On Monday the House and Senate will gavel in for the first regular session of the 66th Idaho Legislature, and while there are going to be plenty of other issues to talk about, COVID-19 will loom over the proceedings in a few ways.

That first day, where the governor gives his State of the State address and unveils his budget proposal for the coming year, will look a little different. Instead of giving his speech from the House dais in a very non-socially distanced room with legislators and other public officials packed shoulder-to-shoulder, Gov. Brad Little will give it from the Lincoln Auditorium, with streams of it broadcast in both the House and Senate.

While the governor doesn’t release the budget or the contents of the speech until that day, Idaho’s state revenues, unlike some other states whose budgets have taken a hit due to the pandemic, have been coming in stronger than expected. Little said in December he plans to “put forth a package in January for legislative approval that provides tax cuts and makes one-time investments in transportation, education, water projects, and more.” In an interview Tuesday on the conservative talk radio show The Neal and Julie Show, he said education, tax relief and transportation are still his main focuses for the session.

“Those have been my priorities, and for the most part the legislators I’ve talked to, (they) have been their priorities,” Little said. “I won’t say it’s going to be a lovefest, but it’s a little hard to argue against those three things.”

While lawmakers will not be required to wear masks and many Republicans, judging by the fact that they didn’t wear masks at the August special session and December organizational session, won’t be, the Capitol will be full of visible reminders of the pandemic. Committee rooms, which can get quite crowded when a controversial bill is being discussed, will have reduced seating to force the public to socially distance. There will be hand sanitizer station and air purifiers. The Democrats have all worn masks this year and many have put plexiglass barriers around their desks, and some have been critical of the safety measures the majority is taking as insufficient or even called for the session to be delayed.

And the virus will loom over what is expected to be one of the biggest debates of the session — namely, whether to put new limits on the governor’s powers. Many Republican lawmakers have been critical of Little’s stay-home order and local regulations such as mask mandates and have said they plan to push measures such as a constitutional amendment letting the Legislature call itself into special session, something only the governor can do now.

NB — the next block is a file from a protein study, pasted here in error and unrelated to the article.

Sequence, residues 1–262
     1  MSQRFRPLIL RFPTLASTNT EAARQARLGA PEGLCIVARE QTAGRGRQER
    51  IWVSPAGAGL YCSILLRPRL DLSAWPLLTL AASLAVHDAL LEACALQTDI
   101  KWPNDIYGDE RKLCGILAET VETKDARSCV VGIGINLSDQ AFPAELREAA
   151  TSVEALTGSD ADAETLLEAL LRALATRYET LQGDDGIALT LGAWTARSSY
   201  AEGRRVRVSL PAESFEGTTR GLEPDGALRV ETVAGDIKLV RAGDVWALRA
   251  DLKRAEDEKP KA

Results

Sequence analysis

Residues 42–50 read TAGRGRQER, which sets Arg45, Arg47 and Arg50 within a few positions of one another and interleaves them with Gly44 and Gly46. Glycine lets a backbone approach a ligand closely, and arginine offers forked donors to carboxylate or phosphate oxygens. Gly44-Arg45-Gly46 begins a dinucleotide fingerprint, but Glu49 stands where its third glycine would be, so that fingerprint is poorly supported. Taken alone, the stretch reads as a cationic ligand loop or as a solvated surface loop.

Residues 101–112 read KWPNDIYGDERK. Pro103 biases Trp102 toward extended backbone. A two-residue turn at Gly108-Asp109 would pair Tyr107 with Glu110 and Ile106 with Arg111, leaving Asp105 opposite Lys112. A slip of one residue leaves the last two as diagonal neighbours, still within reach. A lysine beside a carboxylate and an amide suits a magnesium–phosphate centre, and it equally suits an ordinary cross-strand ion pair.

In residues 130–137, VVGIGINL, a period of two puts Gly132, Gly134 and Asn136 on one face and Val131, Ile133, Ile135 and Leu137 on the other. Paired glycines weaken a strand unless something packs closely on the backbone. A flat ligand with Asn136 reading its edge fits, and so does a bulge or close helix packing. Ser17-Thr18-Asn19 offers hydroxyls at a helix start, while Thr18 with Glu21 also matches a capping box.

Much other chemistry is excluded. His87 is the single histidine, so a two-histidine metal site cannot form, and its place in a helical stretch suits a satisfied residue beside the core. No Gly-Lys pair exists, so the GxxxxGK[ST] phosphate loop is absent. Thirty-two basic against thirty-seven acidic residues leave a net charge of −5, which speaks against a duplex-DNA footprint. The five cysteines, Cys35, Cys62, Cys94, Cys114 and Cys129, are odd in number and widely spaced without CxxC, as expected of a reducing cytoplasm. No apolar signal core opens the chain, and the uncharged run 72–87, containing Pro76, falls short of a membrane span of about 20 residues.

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Senate, House full of new faces{/strong}Seventeen out of the 70 members of the House, or almost a quarter of the body, were just elected this year, although a few of them are former legislators who decided to run again and won. Six of the Senate’s 35 members were just elected to the body, although half of them were House members first.

Eastern Idaho has three brand-new House members — Reps. David Cannon, R-Blackfoot; Marco Erickson, R-Idaho Falls; and Jon Weber, R-Rexburg’ and four more — Reps. Ron Nate, R-Rexburg; Karey Hanks, R-St. Anthony; Dustin Manwaring, R-Pocatello; and James Ruchti, D-Pocatello — who are returning to the House after regaining their positions. Sen. Kevin Cook, R-Idaho Falls, is District 30’s new senator, and Sen. Doug Ricks, R-Rexburg, is moving up to the District 34 Senate seat after two years in the House.

The House Republicans will have the same leaders as they did before, and while there was some reshuffling on the lower rungs of the Democratic leadership Rep. Ilana Rubel, D-Boise, and Sen. Michelle Stennett, D-Ketchum, kept their top minority leadership spots. However, the Republican Senate leadership will look a bit different. Most notably Sen. Chuck Winder, R-Boise, has taken over the powerful position of Senate President Pro Tempore from Sen. Brent Hill, R-Rexburg, who retired last year. Several committees will also have new chairmen, one locally notable one being the House Environment, Energy and Technology Committee, which among other things oversees Idaho National Laboratory-related matters and will be headed by Rep. Barbara Ehardt, R-Idaho Falls.

COVID-19 and the governor’s powerMany Republican lawmakers have criticized Little’s COVID-19 response as going too far and have said they want to curtail his powers to respond to a future emergency and require more legislative input. The House passed a resolution during the special session in August revoking his COVID-19 emergency declaration; the Senate didn’t take it up, but it did pass a resolution listing limits on the governor’s emergency powers they intended to pursue during the 2021 regular session. These included a constitutional amendment to let lawmakers call themselves into session and limiting the sort of shutdown or public health regulations the state, local governments and public health districts can impose in a future pandemic.